|Bid||1.010 x 0|
|Ask||1.020 x 0|
|Day's Range||1.010 - 1.050|
|52 Week Range||0.760 - 1.130|
|Beta (5Y Monthly)||0.62|
|PE Ratio (TTM)||N/A|
|Earnings Date||Aug. 30, 2021 - Sep. 03, 2021|
|Forward Dividend & Yield||0.01 (1.22%)|
|Ex-Dividend Date||Jul. 03, 2020|
|1y Target Est||2.37|
(Bloomberg) -- Ant Group Co.’s most lucrative business of consumer lending is likely to become less profitable as the financial juggernaut emerges from a six-month regulatory crackdown aimed at curbing its influence.While the writing has been on the wall for months, the approval of its consumer finance unit on Thursday with a capital base of 8 billion yuan ($1.3 billion) limits Ant’s ability to lend on its own and in partnership with banks. At the same time, the firm might not need to raise more
(Bloomberg) -- China Huarong Asset Management Co. made the biggest bond payment since confidence in its financial health began plunging two months ago, adding to signs that the company still has access to near-term liquidity.Huarong wired funds for a $900 million dollar bond due June 3, a person familiar with the matter said, asking not to be identified discussing private information. One of the company’s onshore units also paid a 500 million yuan ($78 million) bond that matured Sunday, people familiar said.While Huarong’s longer-dated bonds still trade at levels that imply a high risk of default, the state-owned company has yet to miss a payment since it spooked investors by failing to report annual results at the end of March. Huarong has reached funding agreements with state-owned banks to ensure it can repay debt through at least the end of August, by which time the company aims to have completed its 2020 financial statements, people familiar with the matter said earlier this month.The firm’s dollar notes were largely unchanged Monday. Its 3.75% bond maturing 2022 is indicated at 76 cents on the dollar, while the firm’s 4% perpetual bond is at 57 cents, Bloomberg-compiled prices show as of 6:15 p.m. in Hong Kong.China’s biggest bad-debt manager is trying to overhaul its business after an ill-fated expansion under former Chairman Lai Xiaomin, who was executed for crimes including bribery in January. The company has become a closely watched proxy for Beijing’s willingness to backstop government-owned borrowers amid a record wave of corporate defaults.Senior Chinese officials have so far been silent about whether the government will help Huarong meet its obligations, fueling concern among bondholders that the company will be allowed to default as part of a campaign to rein in moral hazard. Yet even if a default is part of Beijing’s long-term plan, authorities may be keen to avoid any major market disruptions around the politically sensitive 100th anniversary of the ruling Communist Party on July 1.Huarong has to repay or refinance about $6.2 billion of local and offshore bonds this year, including the domestic note that matured Sunday and the dollar bond due June 3, Bloomberg-compiled data show. The company declined to comment on its debt payments.(Adds dollar bond prices in the fourth paragraph)More stories like this are available on bloomberg.comSubscribe now to stay ahead with the most trusted business news source.©2021 Bloomberg L.P.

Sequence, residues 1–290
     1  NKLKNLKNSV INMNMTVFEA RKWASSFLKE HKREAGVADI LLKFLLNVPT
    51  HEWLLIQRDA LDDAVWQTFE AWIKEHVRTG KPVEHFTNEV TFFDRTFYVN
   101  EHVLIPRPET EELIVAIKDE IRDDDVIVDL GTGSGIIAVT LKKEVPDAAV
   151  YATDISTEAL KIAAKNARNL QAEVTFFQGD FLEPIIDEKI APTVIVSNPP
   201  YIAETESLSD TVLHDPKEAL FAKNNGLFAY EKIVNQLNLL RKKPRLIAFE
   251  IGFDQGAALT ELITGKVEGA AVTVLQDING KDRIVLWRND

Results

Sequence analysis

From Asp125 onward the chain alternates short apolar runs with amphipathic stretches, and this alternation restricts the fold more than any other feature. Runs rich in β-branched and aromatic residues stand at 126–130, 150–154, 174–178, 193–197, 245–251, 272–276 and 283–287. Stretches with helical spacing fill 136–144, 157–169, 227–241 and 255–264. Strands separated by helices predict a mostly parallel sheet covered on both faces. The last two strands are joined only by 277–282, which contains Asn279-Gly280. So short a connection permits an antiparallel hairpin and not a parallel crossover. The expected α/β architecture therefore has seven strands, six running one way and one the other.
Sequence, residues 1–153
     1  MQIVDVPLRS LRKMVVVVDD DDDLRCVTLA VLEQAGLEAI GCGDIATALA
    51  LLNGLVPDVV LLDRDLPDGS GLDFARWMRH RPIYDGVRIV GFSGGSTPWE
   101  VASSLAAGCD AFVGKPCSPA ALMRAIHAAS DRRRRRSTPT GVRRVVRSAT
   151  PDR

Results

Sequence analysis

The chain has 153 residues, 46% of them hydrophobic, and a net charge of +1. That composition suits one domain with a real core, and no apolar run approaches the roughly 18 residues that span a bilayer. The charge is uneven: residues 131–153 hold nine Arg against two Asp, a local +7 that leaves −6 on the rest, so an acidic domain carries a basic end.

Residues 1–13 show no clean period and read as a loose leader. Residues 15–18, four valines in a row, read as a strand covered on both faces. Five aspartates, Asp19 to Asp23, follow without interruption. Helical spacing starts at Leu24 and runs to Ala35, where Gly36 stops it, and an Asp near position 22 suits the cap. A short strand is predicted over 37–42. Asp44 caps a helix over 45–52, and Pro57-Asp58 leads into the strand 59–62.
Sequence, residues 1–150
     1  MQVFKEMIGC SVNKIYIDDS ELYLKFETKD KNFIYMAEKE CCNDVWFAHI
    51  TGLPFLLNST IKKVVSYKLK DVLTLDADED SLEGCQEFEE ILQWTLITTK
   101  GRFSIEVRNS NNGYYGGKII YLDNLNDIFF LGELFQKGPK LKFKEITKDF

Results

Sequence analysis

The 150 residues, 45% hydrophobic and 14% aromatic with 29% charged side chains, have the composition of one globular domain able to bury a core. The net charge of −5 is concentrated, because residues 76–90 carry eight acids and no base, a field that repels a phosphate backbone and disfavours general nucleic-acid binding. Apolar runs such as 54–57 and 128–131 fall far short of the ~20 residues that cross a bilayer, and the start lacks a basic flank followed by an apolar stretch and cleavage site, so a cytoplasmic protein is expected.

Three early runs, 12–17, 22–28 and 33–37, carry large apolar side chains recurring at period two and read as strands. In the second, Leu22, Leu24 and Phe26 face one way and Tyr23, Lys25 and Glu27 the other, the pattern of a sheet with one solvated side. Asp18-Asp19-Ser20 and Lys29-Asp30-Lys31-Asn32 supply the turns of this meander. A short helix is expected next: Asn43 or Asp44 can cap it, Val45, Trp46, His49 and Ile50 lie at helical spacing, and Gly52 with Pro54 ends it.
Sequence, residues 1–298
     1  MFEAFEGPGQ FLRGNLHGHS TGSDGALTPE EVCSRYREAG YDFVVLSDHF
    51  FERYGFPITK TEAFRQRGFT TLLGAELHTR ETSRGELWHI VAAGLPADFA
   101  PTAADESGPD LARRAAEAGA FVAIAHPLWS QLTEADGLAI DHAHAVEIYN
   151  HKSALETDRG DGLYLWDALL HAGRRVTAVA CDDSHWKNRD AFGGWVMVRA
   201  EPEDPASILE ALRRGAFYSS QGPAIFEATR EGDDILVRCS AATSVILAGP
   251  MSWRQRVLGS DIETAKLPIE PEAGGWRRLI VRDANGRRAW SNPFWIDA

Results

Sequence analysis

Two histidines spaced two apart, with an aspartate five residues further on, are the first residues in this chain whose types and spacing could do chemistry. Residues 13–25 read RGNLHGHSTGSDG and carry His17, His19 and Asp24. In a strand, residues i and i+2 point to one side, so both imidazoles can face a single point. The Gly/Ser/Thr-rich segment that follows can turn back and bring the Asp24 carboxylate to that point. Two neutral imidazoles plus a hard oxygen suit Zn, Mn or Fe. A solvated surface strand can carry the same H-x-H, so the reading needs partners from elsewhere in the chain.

(Bloomberg) -- China Huarong Asset Management Co. has transferred funds to repay a $900 million bond maturing June 3, according to a person familiar with the matter.The asset management company wired funds for the principal and interest of the 3.25% bond to a trustee account, said the person, who asked not to be identified as the matter is private.That follows payment on a 500 million yuan ($78 million) local bond maturing Sunday reported by Bloomberg earlier, citing people familiar with the matter. The 4.45% note was sold by unit Huarong Jinshang Asset Management Co., Bloomberg-compiled data show.Huarong declined to comment on both bond payments, the local AMC had no immediate comment and a call to the clearing house went unanswered.There have been wild swings in onshore and offshore debt sold by the state-run firm and its units over the past two weeks as investors grapple with a spate of conflicting reports over the possibility of losses for bondholders. There was also confusion over the nomination of Liang Qiang as president of Huarong. His appointment to the debt manager remains on track, people familiar with the matter have said. Caixin reported earlier this week that Liang didn’t accept the appointment.Huarong has been servicing its debt obligations since the firm delayed the release of its 2020 results at the end of March. The company has also reached funding agreements with state-owned banks to ensure it can repay the equivalent of $2.5 billion coming due through August.The firm has some $6.2 billion of local and offshore notes it needs to repay or refinance this year, including the domestic note maturing Sunday, Bloomberg-compiled data show. Huarong’s next bond maturity is a $900 million note due June 3, which is trading at about 99 cents on the dollar.(Adds $900 million bond to headline, first and second paragraphs)More stories like this are available on bloomberg.comSubscribe now to stay ahead with the most trusted business news source.©2021 Bloomberg L.P.